Talking Medicines, which launched in 2013, has received £1.1 million in a syndicated funding round. Tern, an investment company specialising in the internet of things, is the lead investor alongside the Scottish Investment Bank, the investment arm of Scottish Enterprise.
The firm will use the funds to support the launch and roll-out of a new artificial intelligence (AI) data platform, which will translate what patients are saying into “actionable pharma-grade intelligence”. As part of these plans, the business intends to take on nine additional employees.
Talking Medicines, which is led by chief executive Jo Halliday alongside co-founders Dr Elizabeth Fairley and Dr Scott Crae, uses a combination of AI, machine learning and natural language processing tech tools to capture and analyse the conversations and behaviours of patients at home, with the aim of transforming big pharma’s understanding of patient sentiment.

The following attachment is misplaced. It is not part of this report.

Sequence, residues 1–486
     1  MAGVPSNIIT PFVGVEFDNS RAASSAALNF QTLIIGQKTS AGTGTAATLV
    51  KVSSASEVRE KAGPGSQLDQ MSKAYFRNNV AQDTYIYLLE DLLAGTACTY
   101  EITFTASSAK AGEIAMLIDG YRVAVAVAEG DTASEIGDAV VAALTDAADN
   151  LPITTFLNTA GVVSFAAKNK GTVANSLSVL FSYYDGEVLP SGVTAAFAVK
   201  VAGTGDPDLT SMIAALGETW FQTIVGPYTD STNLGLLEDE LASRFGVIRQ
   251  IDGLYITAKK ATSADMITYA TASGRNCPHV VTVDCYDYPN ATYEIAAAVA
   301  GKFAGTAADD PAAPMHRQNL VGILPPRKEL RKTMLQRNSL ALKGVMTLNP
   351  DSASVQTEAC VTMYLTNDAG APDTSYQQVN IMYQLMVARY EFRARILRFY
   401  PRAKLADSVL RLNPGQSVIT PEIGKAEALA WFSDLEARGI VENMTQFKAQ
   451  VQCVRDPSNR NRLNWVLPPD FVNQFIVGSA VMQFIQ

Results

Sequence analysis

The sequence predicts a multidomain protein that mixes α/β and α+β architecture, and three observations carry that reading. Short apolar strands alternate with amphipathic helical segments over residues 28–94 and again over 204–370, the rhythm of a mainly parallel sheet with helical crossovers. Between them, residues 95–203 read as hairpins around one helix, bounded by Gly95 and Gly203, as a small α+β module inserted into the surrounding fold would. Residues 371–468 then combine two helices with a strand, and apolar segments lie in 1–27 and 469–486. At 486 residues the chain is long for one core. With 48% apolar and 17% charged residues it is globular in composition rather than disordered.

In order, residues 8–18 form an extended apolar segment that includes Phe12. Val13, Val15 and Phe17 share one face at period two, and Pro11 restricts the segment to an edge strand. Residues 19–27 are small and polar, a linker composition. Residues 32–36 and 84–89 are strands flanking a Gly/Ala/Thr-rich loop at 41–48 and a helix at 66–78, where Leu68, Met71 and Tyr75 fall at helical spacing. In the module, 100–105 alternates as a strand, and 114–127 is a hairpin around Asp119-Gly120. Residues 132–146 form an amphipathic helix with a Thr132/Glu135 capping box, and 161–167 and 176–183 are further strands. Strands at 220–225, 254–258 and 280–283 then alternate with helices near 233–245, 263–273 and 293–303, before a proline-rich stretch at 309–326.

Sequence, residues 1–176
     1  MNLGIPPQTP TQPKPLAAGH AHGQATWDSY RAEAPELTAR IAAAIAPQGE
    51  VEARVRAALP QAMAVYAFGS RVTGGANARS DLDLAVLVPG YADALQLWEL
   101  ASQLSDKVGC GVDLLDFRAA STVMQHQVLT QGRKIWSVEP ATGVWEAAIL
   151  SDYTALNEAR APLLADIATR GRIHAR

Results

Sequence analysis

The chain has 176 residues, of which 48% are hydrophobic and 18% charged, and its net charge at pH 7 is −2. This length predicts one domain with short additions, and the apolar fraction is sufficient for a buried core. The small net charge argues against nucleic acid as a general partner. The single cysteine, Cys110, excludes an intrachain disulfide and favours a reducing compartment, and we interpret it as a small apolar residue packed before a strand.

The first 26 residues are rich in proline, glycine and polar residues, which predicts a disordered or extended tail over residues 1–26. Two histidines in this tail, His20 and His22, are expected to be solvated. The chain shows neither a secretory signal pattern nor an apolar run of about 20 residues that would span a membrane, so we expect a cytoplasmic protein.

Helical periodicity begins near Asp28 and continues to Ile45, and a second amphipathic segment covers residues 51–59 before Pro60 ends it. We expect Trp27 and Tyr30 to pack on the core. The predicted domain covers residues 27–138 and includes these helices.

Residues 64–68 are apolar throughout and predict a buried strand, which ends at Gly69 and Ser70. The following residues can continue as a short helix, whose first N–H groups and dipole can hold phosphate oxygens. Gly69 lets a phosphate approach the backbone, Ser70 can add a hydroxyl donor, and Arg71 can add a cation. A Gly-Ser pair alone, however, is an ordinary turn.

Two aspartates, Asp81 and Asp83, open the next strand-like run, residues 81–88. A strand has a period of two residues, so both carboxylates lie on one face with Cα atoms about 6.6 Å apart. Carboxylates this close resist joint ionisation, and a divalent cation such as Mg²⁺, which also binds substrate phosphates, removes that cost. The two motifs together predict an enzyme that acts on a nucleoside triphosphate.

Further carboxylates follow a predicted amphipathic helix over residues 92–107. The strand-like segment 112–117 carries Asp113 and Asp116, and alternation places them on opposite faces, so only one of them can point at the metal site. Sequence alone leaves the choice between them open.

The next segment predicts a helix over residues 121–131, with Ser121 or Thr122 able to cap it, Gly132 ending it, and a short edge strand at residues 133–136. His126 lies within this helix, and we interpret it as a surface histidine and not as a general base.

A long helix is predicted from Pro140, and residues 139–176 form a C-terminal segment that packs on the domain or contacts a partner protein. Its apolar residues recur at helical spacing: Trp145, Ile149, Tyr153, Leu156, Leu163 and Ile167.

Through mapping the patient voice from social media and connected devices to regulated medicine information, the firm is able to build “data points” to determine trends and patterns of patient sentiment. This intelligence enables pharmaceutical companies to make “patient-centric marketing decisions”.
Halliday said: “We are delighted that Tern is joining our investor group, and [Tern chief executive] Al Sisto will be bringing his wealth of experience to the board.
“This investment will scale our team and the development of our tech tools to translate what patients are saying into actionable pharma grade intelligence through our global patient confidence score by medicine.”
The firm has raised £2.5m to date, including three previous seed funding rounds with previous investors including SIS Ventures and the Scottish Investment Bank.
Sisto added: “We are truly excited to add Talking Medicines to our portfolio. It is a company that brings expertise in artificial intelligence and machine learning to our portfolio with its platform and is solving a critical problem for an industry that spends around $30 billion on marketing annually, whilst lacking systematic data tools that can structure patient sentiment from social channels.”